Graphing calculators are sufficiently effective when working with linear systems of equations, but when working with inequalities, they are rather limited in what they can help students visualize.  They can only do ≥, not just >, and have the same problem with <.  It is also difficult to see the regions if you have multiple inequalities because the screen has no color.  This link is an online graphing calculator that has several options for inequalities: https://www.desmos.com/calculator.  You can choose any inequality, <, >, ≤, or ≥, type in several equations or inequalities, and the regions show up on the graph in different colors, making it easier to find the solution region.  Another feature of the graphing calculator is that the equations or inequalities do not have to be in the form of y=.  You can type in something like 3x+2y<7 or solve for y and then type it in.  I would use this graphing calculator to help students visualize the systems of inequalities, and see the solution.  When working with more than two inequalities, I would add just one region at a time to the graph, which you can do in this graphing calculator by clicking the equation on or off, so the students could keep track of what was going on.

References

Live.Love.Laugh.Teach.  Blog by Mrs. Graves.  https://livelovelaughteach.wordpress.com/category/linear-inequalities/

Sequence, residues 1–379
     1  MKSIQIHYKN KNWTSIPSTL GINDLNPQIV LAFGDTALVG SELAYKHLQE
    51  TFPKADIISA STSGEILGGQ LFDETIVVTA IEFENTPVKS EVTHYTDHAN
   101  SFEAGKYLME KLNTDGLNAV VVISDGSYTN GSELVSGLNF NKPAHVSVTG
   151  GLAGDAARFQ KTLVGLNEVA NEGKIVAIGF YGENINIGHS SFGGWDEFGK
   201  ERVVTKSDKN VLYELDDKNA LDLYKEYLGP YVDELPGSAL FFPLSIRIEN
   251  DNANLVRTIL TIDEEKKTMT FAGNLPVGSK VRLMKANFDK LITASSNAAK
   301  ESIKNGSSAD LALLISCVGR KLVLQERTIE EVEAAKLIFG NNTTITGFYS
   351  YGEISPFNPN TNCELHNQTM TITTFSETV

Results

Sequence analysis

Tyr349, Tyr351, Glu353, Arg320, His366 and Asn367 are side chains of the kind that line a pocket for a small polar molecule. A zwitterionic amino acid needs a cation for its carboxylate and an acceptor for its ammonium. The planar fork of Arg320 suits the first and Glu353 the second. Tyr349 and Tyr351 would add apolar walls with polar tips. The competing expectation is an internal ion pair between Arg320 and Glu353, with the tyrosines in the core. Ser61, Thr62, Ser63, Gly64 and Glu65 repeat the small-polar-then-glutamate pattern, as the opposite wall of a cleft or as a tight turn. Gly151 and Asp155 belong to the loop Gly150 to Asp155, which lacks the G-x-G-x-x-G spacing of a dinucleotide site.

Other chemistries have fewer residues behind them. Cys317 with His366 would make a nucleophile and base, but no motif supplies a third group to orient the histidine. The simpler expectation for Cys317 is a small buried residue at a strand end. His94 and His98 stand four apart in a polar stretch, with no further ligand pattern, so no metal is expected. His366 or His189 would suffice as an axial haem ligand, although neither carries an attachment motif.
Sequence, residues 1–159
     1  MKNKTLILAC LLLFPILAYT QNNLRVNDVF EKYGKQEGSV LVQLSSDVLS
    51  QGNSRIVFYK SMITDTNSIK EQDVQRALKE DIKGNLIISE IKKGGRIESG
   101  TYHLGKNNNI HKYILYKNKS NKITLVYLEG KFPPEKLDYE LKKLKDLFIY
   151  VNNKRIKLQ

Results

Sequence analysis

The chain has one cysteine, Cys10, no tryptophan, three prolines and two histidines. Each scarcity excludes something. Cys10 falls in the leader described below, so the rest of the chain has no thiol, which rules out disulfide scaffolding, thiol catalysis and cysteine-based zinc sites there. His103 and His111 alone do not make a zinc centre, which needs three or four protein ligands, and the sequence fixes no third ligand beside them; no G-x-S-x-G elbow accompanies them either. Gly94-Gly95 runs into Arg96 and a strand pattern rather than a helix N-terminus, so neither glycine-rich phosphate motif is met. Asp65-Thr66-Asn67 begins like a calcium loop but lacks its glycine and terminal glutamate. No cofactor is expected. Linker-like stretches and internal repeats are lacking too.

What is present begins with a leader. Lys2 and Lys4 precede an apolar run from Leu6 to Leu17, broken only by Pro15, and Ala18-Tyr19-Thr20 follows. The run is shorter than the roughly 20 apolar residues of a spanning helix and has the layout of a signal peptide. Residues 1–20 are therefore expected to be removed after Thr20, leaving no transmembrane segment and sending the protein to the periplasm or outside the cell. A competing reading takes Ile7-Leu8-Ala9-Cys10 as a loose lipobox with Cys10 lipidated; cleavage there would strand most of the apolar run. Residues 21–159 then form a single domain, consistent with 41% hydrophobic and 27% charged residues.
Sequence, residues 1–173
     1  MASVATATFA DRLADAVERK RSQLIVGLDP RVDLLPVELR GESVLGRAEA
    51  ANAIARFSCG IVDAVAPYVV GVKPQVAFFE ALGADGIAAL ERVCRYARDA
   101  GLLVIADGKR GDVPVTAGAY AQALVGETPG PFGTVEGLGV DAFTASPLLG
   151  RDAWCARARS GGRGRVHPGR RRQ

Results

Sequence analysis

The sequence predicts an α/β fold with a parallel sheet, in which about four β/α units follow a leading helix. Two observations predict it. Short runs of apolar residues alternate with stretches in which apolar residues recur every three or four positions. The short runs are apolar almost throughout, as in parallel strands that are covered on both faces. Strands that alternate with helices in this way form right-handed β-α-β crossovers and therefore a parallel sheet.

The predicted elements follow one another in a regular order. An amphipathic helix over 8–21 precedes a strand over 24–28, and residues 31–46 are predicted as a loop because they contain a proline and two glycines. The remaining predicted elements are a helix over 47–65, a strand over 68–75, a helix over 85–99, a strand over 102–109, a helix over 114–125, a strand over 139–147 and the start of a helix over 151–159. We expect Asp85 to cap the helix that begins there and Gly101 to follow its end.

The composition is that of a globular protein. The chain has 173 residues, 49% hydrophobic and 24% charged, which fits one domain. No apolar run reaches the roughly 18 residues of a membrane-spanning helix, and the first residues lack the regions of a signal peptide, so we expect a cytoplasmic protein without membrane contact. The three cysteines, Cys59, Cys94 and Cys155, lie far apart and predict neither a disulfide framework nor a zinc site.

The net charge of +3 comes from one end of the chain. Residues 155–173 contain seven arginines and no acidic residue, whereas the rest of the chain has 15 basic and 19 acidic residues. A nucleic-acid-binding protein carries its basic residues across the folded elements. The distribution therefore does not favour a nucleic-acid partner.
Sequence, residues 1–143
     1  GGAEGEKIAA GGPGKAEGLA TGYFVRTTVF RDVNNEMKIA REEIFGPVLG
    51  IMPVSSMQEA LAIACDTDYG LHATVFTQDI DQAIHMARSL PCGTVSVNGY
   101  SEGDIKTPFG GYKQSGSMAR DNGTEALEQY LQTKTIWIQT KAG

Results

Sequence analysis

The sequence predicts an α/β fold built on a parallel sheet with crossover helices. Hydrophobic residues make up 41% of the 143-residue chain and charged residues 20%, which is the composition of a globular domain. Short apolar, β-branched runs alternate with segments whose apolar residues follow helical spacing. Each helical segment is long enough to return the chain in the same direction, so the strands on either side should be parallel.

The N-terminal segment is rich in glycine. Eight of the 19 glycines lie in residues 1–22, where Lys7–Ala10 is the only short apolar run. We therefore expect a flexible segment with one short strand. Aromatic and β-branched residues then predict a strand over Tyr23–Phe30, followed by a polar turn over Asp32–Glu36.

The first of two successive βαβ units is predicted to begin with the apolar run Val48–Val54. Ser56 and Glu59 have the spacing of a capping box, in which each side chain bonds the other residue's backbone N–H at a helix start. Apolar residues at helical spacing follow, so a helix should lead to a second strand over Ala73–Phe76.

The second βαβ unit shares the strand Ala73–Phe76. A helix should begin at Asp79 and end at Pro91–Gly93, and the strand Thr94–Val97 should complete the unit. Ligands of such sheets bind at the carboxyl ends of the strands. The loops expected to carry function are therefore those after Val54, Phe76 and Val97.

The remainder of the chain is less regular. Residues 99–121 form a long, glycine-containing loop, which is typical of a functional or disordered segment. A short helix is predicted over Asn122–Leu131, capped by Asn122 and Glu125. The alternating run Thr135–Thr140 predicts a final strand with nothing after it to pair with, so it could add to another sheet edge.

Graphing calculator https://www.desmos.com/calculator

# Another poorly written word problem (Part 8)

Textbooks have included the occasional awful problem ever since Pebbles Flintstone and Bamm-Bamm Rubble chiseled their homework on slate tablets while attending Bedrock Elementary. But even with the understanding that there have been children have been doing awful homework problems since the dawn of time (and long before the advent of the Common Core), this one is a doozy.

There’s no sense having a debate about standards for elementary mathematics if textbook publishers can’t construct sentences that can be understood by students (or their parents).

On its face, problems 11 and 12 don’t look so bad. For #11, the appropriate inequality is

$1400 + 243 + w \le 2000$

$1643 + w \le 2000$

$w \le 357$

For #12, the inequality is

$7 + g \le 15$

$g \le 8$.

These indeed are the answers that the textbook is expecting. However, both answers are wrong because both $w$ and $g$ have to be positive. So the answers should be $0 \le w \le 357$ and $0 \le g \le 8$. Which would be no big deal — except that these problems appeared before compound inequalities were introduced. (Notice that problems 7 through 10 only contain a single inequality.)

So, in a nutshell, the correct answers for these problems require skills that students have not yet learned at the time that they would attempt these problems.

# Another poorly written word problem (Part 7)

Textbooks have included the occasional awful problem ever since Pebbles Flintstone and Bamm-Bamm Rubble chiseled their homework on slate tablets while attending Bedrock Elementary. But even with the understanding that there have been children have been doing awful homework problems since the dawn of time (and long before the advent of the Common Core), this one is a doozy.

There’s no sense having a debate about standards for elementary mathematics if textbook publishers can’t construct sentences that can be understood by students (or their parents).

Based only on how the questions are worded, should the answers to #53 and #54 be